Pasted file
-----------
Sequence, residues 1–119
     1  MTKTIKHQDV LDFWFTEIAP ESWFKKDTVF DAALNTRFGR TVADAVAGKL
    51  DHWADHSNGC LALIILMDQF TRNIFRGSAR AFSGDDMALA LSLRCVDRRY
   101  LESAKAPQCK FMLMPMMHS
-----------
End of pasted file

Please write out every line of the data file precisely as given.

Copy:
Sequence, residues 1–119
     1  MTKTIKHQDV LDFWFTEIAP ESWFKKDTVF DAALNTRFGR TVADAVAGKL
    51  DHWADHSNGC LALIILMDQF TRNIFRGSAR AFSGDDMALA LSLRCVDRRY
   101  LESAKAPQCK FMLMPMMHS